Both Erik and Mia being playable feels like a missed opportunity to add a much needed wrinkle to the gameplay. Because both protagonists play the same and have almost identical personalities, it made the dual protagonist feel unnecessary. Giving them different abilities would have at least opened up some extra possibilities for solving tasks by switching between them.
Every mechanic in Dragon Quest Treasures is a good, if simplistic, take on a JRPG mechanic, adding to the sense that this game is for younger players. Finding treasure is just a case of giving a command and being pointed in the right direction by your magical dagger. When you get close enough, your monster companions will have a “vision” of where it is, forcing you to check your surroundings until you spot it and dig it up. It’s a fun mechanic, although it gets repetitive after a few hours of it. Although it’s a fun visual nod to how each monster sees things a little differently. Tiresome companions see the world in black and white, and orcs, for example, have a kind of ultraviolet vision. It’s a small touch that makes the monster vision moments feel like more than just getting another snapshot to help you find the treasure.
Dragon Quest Treasures has a limited online functionality that consists of entering other players’ “worlds” and hiding a copy of your own treasure on one of the floating islands there. It wasn’t activated when we tried to test it before release, but it seems to encourage players to help each other build their treasure hoards. You can also send some of your monsters to other bases as part of their welcome party, which is a purely cosmetic touch, but can be an exciting way to see just what kind of monsters are out there to recruit.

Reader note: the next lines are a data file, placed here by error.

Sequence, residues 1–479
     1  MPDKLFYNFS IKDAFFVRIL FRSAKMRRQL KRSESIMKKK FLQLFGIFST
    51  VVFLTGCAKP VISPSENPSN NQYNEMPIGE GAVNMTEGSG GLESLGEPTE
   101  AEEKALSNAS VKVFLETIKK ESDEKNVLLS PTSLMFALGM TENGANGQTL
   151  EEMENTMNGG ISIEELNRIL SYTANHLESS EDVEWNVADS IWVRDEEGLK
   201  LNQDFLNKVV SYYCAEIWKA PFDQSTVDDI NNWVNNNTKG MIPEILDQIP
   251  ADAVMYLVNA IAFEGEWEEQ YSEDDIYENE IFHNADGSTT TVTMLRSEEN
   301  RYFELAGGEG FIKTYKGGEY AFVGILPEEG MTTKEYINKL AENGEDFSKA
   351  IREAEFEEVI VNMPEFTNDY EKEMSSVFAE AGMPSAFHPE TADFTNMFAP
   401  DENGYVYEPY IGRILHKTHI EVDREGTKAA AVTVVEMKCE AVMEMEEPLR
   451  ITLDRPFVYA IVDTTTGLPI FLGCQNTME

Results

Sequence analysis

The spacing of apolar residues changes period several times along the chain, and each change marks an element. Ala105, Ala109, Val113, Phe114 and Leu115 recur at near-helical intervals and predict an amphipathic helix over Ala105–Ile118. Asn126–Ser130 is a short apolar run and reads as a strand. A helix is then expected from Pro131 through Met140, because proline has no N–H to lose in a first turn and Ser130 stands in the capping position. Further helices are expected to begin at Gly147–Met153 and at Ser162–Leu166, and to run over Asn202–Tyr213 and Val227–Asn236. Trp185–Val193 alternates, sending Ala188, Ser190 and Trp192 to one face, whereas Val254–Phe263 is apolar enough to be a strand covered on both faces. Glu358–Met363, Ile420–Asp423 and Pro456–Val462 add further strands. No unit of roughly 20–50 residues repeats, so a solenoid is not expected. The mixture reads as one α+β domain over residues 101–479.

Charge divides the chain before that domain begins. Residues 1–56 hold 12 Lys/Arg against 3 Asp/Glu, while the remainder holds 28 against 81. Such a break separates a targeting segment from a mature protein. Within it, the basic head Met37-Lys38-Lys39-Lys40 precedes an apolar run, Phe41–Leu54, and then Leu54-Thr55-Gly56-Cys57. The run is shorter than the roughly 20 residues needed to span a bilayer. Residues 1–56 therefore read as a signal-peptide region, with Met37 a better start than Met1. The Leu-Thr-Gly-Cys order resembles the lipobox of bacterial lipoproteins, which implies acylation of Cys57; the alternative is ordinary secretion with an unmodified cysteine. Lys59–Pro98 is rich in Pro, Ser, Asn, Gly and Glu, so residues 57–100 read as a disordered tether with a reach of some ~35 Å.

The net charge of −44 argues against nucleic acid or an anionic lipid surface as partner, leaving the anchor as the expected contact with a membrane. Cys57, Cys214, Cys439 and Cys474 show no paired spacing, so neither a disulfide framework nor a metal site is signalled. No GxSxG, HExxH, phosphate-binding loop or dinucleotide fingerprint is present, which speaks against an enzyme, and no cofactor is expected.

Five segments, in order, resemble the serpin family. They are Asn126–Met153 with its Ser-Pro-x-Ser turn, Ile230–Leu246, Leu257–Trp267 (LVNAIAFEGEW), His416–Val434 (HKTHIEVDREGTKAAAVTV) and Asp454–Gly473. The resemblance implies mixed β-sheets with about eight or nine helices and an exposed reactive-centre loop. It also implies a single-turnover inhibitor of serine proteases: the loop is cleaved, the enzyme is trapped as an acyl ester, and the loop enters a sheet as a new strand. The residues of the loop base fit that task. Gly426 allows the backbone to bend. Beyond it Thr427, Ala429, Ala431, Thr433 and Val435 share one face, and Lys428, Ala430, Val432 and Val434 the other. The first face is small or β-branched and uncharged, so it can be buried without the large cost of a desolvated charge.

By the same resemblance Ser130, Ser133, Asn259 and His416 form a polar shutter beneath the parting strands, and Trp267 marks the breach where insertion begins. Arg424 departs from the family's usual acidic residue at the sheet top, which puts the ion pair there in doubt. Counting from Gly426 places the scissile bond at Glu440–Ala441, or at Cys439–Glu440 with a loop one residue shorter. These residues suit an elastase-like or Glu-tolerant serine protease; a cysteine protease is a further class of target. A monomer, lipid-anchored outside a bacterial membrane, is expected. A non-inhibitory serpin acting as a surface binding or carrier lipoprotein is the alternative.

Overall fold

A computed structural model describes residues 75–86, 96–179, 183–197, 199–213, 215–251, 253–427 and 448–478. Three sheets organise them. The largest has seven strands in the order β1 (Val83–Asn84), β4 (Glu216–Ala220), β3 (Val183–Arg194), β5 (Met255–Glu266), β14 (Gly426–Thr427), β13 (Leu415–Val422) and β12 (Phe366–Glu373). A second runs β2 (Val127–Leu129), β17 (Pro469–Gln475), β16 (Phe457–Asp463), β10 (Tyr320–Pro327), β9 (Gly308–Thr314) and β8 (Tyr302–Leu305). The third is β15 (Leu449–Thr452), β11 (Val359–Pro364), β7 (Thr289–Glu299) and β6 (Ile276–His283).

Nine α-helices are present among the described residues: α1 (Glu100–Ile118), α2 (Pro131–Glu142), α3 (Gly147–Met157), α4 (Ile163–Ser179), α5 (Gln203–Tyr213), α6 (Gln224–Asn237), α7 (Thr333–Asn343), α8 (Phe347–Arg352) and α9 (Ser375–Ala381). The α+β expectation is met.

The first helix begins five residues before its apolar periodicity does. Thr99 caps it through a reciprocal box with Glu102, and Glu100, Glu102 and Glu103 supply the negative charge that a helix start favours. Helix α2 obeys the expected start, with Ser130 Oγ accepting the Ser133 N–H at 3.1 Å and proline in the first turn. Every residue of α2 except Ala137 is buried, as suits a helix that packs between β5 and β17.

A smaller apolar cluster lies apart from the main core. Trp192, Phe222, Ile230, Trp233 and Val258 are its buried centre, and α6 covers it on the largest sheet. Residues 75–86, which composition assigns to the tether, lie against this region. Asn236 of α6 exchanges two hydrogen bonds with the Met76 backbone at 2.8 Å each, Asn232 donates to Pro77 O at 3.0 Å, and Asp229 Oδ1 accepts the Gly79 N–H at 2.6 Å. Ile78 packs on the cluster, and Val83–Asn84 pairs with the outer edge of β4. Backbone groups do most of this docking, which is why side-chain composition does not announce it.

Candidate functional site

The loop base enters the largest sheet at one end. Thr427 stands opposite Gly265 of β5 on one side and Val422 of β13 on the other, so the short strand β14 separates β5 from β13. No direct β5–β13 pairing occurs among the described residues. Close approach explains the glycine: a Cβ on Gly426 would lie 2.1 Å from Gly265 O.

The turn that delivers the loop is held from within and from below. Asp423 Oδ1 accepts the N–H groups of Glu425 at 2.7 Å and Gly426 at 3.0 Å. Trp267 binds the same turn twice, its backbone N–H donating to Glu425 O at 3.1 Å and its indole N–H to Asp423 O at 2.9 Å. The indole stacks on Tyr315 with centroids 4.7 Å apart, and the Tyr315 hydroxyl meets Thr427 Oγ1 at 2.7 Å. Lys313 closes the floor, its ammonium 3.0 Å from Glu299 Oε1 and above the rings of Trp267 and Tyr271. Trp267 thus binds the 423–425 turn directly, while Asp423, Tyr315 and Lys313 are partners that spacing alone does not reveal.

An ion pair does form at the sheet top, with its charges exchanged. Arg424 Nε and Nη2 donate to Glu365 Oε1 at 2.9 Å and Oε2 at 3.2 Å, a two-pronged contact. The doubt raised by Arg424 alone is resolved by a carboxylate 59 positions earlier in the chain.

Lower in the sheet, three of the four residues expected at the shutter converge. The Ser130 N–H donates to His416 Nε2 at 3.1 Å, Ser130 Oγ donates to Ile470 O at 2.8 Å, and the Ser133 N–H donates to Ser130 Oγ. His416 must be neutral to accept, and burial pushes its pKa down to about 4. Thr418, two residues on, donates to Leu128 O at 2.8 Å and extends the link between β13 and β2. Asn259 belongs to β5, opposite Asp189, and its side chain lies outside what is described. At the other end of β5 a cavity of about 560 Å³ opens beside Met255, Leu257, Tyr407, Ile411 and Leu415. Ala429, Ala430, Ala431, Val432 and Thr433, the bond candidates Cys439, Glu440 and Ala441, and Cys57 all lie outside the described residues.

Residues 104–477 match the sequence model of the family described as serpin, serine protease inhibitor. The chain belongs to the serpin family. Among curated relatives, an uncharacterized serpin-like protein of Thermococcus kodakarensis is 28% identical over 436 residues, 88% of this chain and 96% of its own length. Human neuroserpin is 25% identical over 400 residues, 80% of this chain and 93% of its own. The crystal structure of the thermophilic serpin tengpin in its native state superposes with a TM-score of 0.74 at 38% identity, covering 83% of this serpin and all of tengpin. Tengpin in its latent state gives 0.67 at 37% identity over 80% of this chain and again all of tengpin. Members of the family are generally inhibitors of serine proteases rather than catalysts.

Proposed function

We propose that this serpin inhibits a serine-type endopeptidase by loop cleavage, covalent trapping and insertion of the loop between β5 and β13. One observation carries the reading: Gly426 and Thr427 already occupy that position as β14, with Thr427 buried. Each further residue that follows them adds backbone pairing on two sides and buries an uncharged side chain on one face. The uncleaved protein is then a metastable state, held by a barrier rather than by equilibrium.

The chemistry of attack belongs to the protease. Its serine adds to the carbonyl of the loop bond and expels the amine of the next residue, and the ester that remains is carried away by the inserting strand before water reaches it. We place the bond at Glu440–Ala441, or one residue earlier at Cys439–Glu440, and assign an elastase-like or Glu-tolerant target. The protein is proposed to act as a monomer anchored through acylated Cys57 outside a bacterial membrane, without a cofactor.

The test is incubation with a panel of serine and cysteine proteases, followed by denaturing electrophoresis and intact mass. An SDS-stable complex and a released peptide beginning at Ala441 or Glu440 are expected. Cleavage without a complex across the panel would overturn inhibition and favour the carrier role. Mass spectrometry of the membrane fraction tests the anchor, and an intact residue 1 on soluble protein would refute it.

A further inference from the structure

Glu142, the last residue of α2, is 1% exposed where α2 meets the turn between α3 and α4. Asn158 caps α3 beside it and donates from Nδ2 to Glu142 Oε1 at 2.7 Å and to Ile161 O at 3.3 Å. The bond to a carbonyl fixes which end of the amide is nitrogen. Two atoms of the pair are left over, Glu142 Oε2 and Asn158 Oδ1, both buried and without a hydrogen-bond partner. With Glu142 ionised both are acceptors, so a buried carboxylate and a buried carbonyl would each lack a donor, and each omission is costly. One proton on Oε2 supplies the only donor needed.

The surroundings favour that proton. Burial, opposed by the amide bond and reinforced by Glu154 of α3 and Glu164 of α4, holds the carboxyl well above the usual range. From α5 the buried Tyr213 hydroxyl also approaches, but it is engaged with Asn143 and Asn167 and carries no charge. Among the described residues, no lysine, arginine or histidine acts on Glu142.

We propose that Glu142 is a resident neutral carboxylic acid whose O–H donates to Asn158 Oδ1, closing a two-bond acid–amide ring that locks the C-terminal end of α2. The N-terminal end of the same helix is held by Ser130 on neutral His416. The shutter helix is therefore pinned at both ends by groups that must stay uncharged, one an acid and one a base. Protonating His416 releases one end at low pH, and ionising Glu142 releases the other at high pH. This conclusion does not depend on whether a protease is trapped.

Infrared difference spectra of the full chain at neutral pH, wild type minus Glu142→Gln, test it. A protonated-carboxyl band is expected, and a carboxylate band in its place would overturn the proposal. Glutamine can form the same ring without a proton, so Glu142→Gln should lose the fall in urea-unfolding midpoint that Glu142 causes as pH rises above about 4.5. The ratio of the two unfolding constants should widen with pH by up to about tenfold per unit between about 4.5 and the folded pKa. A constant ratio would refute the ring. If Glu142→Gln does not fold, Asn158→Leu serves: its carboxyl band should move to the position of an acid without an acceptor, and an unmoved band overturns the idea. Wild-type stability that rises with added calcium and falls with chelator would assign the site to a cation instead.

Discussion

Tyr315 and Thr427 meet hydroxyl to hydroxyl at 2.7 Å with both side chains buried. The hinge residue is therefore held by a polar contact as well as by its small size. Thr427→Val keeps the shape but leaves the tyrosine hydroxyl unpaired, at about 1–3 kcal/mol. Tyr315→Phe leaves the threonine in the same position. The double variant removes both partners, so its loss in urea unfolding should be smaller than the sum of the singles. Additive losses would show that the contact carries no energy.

The gameplay and action may be more kid-friendly fare, but this is still a Dragon Quest game, which comes with certain expectations. The music sounds right at home in the series, hitting all the dramatic high points and somber tones you’d expect. The animation and character designs are colorful and full of personality and charm, from the massive boss fights to the little details like how Erik and Mia put the daggers away with a dramatic flourish. It’s not the best-looking Dragon Quest game out there, but it’s still beautiful to see and hear everything in action.
Dragon Quest Treasures plays like an introduction to JRPGs, but that doesn’t mean there isn’t a lot of fun to be had in it. The characters are simple but charming and the monsters have all the classic Dragon Quest designs that returning fans will expect, while the focus on exploration rather than combat makes this entry perfect for those looking for a more relaxed gaming experience. If you have a young person in your life who is curious about JRPGs, this is a great way to get them hooked on the genre.
If you go in expecting to sink 100 hours into Dragon Quest Treasures or think you’ll get the same kind of intricate plot that the series is known for, you’ll come away disappointed. But if you’re a younger player looking to get a taste of what a JRPG is like, or you just want something casual to tackle, there’s a lot of fun to be had here. Everything you would expect in a JRPG is in this game, just stripped back to the basics, all adorned with the timeless charm of Dragon Quest.